|Publication number||US2666224 A|
|Publication date||Jan 19, 1954|
|Filing date||Oct 26, 1946|
|Priority date||Oct 26, 1946|
|Publication number||US 2666224 A, US 2666224A, US-A-2666224, US2666224 A, US2666224A|
|Inventors||Adams Geoffrey Sten|
|Original Assignee||Adams Geoffrey Sten|
|Export Citation||BiBTeX, EndNote, RefMan|
|Patent Citations (15), Referenced by (27), Classifications (20)|
|External Links: USPTO, USPTO Assignment, Espacenet|
Jan. 19, 1954 G. s. ADAMS DEVICE FOR CLEANING WATER CLOSET BASINS Filed Oct. 26, 1946 FIG.
INVENTOR GEOFFREY STEN ADAMS ATTORNEY Patented Jan. 19, 1954 DEVICE FOR CLEANING WATER CLOSET BASINS Geoflrrey Sten Adams, Saltsjobaden, Sweden Application October 26, 1946, Serial No. 705,977
My invention relates to a device comprising a holder and squeegee members for the cleaning of water-closet basins. It is one object of the invention to provide a device of this character, which combines effective cleaning with the most exacting sanitary requirements. A further object of the invention is to provide a holder and releasable squeegee members therefon' which combine effective cleaning with a low cost of production, so that after the members have been used once, they can be thrown away. Still another object of the invention is to give the members such a form that they can be attached to the holder in a simple Way and be detached from it after use, without having to touch the members with the hands.
Further objects and advantages of the invention will be apparent from the following description considered in connection with the accompanying drawings, which form a part of this specification, and of which:
Figure 1 is a longitudinal sectional view through a holder fora cleaning pad;
Figure 2 is a perspective view of a cleaning pad or squeegee constructed in accordance with the present invention and attached to a slightly modified form of holder; and
Figure 3 is an elevationalview of the cleaning pad of Figure 3, illustrating a method of manufacturing.
As shown in the drawing, a'preferred form of holder comprises a tube I having an enlarged upper portion I I surrounded by a handle portion or member I2. Desirably the tube I0 is provided with a curved lower extremity I3 and a rod I4 is mounted within the tube for reciprocal movement. The upper extremity of the rod I4 has a pin I5 mounted thereupon, in any suitable fashion as by threaded engagement or the like, this pin projecting through the tube I0 and having a manipulating knob or handle l6 secured to the free end thereof. To prevent complete withdrawal of the pin I5 from the tube I0, the lower portion ll of this pin is of enlarged diameter and the upper extremity of'portion II of the tube, within which the pin I5 is received, has an inwardly bent or directed edge I9, the pin I5 projecting therethrough. Preferably a coil spring IB surrounds the rod I4 within the enlarged portion II of the tube I0 and by reason of engagement against the lower end of the enlarged portion I! of the pin I 5 normally urges the pin outwardly with the knob I 6 in the solid line position illustrated in Figure 1.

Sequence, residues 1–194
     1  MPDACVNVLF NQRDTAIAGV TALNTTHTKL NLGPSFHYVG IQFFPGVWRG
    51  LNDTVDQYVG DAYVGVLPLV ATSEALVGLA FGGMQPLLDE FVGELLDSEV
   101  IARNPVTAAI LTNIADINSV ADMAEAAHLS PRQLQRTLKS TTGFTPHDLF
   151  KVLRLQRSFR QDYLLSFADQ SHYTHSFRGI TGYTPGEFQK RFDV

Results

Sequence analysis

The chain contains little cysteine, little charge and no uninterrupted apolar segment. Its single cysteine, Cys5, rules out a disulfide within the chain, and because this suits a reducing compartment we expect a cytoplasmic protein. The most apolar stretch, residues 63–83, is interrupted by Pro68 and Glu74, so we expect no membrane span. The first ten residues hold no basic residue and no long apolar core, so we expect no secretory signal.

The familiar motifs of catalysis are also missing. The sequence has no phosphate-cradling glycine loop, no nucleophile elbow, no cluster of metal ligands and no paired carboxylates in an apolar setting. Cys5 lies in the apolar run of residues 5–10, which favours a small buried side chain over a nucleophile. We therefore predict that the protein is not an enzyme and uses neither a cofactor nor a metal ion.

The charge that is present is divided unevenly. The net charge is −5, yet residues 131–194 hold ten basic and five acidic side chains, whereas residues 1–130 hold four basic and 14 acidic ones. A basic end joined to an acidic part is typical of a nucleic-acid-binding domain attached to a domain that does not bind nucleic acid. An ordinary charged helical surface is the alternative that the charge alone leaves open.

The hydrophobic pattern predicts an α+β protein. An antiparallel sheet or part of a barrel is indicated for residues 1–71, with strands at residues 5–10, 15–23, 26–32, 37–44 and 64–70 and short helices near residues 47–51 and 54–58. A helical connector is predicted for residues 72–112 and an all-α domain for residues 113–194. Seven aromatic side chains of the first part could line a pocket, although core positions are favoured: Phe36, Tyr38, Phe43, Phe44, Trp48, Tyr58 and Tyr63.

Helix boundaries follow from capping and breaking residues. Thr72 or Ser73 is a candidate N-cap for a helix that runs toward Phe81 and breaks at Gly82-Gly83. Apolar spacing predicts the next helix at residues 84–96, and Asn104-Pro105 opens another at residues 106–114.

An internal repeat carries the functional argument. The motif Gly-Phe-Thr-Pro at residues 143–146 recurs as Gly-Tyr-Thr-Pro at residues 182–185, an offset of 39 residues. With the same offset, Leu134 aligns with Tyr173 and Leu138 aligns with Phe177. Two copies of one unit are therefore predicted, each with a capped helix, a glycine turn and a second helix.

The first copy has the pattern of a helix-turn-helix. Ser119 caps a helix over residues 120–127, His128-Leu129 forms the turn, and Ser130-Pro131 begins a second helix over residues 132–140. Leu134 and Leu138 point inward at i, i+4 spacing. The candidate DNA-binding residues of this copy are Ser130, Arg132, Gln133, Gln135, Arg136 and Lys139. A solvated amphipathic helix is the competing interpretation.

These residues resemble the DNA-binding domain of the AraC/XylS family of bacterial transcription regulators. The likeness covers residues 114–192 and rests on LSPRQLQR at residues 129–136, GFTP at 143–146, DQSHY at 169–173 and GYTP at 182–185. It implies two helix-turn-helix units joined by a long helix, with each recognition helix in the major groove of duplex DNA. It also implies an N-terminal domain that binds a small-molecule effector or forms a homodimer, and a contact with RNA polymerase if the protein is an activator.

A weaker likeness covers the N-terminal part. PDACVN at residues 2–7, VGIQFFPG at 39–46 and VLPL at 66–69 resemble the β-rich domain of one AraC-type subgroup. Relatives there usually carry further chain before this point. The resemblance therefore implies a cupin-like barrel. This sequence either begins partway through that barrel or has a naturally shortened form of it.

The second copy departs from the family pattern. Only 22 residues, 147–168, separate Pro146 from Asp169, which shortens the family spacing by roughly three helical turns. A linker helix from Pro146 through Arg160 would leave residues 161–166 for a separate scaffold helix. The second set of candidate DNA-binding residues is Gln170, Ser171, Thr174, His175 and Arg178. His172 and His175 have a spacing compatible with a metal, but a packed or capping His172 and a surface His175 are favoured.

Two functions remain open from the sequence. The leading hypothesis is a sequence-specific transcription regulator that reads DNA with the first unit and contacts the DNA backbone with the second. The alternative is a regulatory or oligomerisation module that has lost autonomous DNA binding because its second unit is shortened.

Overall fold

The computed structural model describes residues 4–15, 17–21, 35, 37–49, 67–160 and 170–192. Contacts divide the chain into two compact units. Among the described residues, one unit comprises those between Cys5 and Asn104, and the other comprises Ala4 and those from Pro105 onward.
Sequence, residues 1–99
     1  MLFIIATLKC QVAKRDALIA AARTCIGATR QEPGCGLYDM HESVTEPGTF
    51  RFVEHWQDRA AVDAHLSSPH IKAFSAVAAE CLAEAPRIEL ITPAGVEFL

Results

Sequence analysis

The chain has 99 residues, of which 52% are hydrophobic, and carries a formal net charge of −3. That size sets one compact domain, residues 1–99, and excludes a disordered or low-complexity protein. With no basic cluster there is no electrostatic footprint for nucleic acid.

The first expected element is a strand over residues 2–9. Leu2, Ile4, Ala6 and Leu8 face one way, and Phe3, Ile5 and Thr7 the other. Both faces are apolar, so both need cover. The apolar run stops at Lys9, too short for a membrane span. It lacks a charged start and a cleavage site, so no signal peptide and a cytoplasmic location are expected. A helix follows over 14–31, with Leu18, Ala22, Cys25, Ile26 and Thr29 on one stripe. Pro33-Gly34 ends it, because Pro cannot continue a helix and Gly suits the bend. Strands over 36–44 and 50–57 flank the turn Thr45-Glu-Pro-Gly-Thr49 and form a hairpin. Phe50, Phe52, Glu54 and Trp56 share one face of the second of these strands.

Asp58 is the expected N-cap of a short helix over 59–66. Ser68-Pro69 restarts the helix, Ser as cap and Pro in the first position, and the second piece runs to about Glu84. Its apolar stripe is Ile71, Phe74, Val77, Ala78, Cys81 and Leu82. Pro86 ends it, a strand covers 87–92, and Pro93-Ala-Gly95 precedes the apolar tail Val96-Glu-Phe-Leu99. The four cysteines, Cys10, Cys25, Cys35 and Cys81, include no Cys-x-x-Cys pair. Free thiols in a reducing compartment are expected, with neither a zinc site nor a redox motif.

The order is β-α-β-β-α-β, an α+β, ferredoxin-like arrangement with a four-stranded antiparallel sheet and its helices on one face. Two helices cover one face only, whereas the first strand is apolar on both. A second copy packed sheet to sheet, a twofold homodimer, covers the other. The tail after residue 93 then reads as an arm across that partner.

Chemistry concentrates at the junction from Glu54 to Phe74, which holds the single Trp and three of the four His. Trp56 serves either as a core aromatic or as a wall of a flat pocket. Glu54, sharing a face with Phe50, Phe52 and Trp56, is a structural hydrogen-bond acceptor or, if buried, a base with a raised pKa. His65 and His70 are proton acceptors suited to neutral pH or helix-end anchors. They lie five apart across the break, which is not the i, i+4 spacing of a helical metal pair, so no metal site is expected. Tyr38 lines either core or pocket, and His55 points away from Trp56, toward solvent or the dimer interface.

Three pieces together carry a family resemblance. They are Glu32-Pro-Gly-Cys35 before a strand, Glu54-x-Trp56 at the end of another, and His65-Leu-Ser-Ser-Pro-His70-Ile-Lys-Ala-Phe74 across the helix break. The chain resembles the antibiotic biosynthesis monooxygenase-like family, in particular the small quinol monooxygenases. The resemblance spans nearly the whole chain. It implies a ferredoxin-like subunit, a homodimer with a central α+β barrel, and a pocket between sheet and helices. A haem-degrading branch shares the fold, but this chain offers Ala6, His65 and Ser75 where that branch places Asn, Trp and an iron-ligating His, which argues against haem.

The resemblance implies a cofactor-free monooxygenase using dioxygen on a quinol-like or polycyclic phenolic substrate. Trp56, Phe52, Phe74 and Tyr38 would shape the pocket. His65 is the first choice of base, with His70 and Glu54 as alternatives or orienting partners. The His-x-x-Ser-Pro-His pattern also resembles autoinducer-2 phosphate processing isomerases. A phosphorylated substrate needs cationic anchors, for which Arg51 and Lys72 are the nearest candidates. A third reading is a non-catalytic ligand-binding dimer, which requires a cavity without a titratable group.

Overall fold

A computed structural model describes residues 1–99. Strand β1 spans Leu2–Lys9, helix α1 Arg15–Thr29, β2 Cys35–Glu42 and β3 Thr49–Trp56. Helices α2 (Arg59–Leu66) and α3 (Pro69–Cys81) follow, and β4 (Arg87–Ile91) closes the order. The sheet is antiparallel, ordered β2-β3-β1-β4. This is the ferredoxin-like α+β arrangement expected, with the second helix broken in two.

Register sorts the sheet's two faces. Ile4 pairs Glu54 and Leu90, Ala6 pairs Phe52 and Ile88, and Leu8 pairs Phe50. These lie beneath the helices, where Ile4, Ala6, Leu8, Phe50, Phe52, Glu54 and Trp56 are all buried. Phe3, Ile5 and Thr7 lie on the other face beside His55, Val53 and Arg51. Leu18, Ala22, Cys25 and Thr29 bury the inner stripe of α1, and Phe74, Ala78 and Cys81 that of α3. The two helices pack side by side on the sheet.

The lower extremity of the rod I4 is connected to a curved pin 20, this pin having a curvature complementary to that of the curved portion I3 of the tube ID; if desired, and to facilitate the movement of the pin 20 within the curved'portion I3 of the tube II], a comparatively short coil spring (not shown) may be interposed between the pin 20 and lower extremity of the rod I4.
The lower end of the curved portion I3 of the tube I 0 has an enlarged cup-like flange 2| secured thereto and the free end of the curved pin 20, which projects beyond the flange 2|, has a reversely cupped and complementary flange 22 mounted thereupon. It will be understood that the disposable cleaning pad, which will be described in detail hereafter, is retained upon the curved pin 20 between the flanges 2| and 22 and, when the cleaning operation is completed and the pad has served its purpose, the manipulating knob I6 is moved to the dotted line position shown, in Figure 1, thus separating the flanges 2! and 22 and permitting the pad to drop from the curved pinZIl. With the holder in this position, that is, with the spring I8 compressed by depression of the knob I6 and with the retaining flange 22 in the, position shown in dot and dash lines, a pad may be positioned upon the stem 25 in surrounding relationship with respect thereto. The knob I6 is then released and the rod I4, urged by the spring I6, returns to normal position carrying therewith the flange 22 and securing the cleaning pad in position between the two opposed flanges. Since the pad is thus secured only at the central portion thereof, the edges of the pad can be brought into contact with the surfaces that are to be cleaned with extreme case.
The cleaning pad illustrated in Figures 2 and 3 comprises at least one layer 23 of corrugated paper or cardboard and at least two plane layers 24, also of paper or cardboard, one plane layer being firmly glued to each side of the corrugated layer as is well known in this art. This pad is slotted centrally thereof, as indicated at 28, to receive the pin 20, the pad being retained in position by the engagement of the flanges 2I and 22 on opposite sides thereof, as hereabove described.